While I have a fairly well-formed image in my head how the Creative Commons Certification system will flow, at times (many times) despite efforts to sketch and explain, I wonder if others do.

I will keep trying. And I think/hope it will be clearer as we roll out in the next month or two, more tangible prototypes (although it is floating around this site clearly visible).

What follows is… more sketches! And some what I think is cool new way to speed up the connection of the public content on this site with where it is being produced and edited in GitHub. Sit back and plug in.

The Development Side

In the early days of the web just mentioning “HTML” sent people scurrying away (say it know and they probably shrug). The same goes now trying to explain how we are using GitHub as the canonical source for the content — do not say “Markdown”!.

My own understanding and application of GitHub is pretty trivial compared to its capabilities.

So for starters let’s say that there is little reason for anyone using or even deploying what we are developing to even touch much less look at GitHub. But it is there for the intrepid. We now have four separate GitHub “repos”– for the “Core” content, plus ones for the Library, Education, and Government specialty certificates.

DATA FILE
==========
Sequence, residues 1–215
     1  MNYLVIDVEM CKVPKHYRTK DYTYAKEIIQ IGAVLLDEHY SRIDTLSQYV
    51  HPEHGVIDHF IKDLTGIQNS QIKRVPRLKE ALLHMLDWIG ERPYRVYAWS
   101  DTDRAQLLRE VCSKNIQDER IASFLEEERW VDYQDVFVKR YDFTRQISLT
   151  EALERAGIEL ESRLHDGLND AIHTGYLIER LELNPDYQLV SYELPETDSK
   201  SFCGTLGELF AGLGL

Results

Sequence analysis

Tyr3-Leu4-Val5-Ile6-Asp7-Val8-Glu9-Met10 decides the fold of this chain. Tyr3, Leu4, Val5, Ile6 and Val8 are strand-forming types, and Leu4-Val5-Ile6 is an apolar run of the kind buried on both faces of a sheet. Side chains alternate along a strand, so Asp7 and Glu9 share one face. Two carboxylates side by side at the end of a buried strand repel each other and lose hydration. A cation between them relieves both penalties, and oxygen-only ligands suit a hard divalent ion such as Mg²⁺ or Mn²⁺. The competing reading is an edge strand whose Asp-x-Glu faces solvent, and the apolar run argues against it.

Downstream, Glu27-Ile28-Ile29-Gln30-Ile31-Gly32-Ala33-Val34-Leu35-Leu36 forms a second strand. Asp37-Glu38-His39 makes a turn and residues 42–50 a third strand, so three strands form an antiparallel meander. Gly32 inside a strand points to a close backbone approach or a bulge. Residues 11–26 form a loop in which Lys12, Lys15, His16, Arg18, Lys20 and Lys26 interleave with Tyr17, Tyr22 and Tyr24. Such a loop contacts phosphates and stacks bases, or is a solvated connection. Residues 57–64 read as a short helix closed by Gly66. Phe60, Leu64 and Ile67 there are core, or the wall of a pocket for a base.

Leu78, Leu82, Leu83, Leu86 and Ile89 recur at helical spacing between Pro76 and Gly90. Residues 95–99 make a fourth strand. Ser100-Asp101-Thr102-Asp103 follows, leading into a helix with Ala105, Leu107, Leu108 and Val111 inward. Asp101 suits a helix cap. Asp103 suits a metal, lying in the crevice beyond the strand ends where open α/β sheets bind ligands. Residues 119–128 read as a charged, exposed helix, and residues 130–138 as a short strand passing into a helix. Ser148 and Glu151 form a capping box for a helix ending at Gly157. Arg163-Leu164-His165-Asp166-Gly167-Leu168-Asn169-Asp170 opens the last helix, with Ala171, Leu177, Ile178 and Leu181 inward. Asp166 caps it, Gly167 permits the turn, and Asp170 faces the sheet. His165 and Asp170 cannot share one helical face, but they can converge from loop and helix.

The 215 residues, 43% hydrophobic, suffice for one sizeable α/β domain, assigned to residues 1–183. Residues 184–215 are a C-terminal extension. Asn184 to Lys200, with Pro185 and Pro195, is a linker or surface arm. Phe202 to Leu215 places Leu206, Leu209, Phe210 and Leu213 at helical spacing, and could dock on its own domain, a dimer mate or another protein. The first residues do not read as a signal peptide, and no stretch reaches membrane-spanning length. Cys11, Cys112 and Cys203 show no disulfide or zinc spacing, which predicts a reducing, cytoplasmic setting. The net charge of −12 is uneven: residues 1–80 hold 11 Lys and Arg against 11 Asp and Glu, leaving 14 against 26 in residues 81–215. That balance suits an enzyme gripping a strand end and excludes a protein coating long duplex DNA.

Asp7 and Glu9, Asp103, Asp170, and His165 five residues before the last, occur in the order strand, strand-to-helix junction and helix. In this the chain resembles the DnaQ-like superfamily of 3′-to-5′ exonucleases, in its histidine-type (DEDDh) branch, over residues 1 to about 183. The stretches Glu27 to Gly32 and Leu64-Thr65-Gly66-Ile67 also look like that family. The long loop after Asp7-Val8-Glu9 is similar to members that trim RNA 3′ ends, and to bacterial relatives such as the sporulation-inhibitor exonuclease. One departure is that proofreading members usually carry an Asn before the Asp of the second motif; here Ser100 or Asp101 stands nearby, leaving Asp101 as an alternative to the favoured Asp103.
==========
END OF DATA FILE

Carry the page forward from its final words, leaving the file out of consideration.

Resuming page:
These are not terribly exciting, they represent the content in a purely structural form that includes headings, links, images, lists. The content is in Markdown, a much flavor of HTML.

Main entry to the GitHub repo for the Library Certification

One will find a common structure in each, this is a bit of the Library Certification with a Module that is from the Core content (modules that will be part of all Certifications):

We are already seeing that the Library Certification decided on a different order for the units in some of the modules, this is done by simply reordering the list of units in the main contents.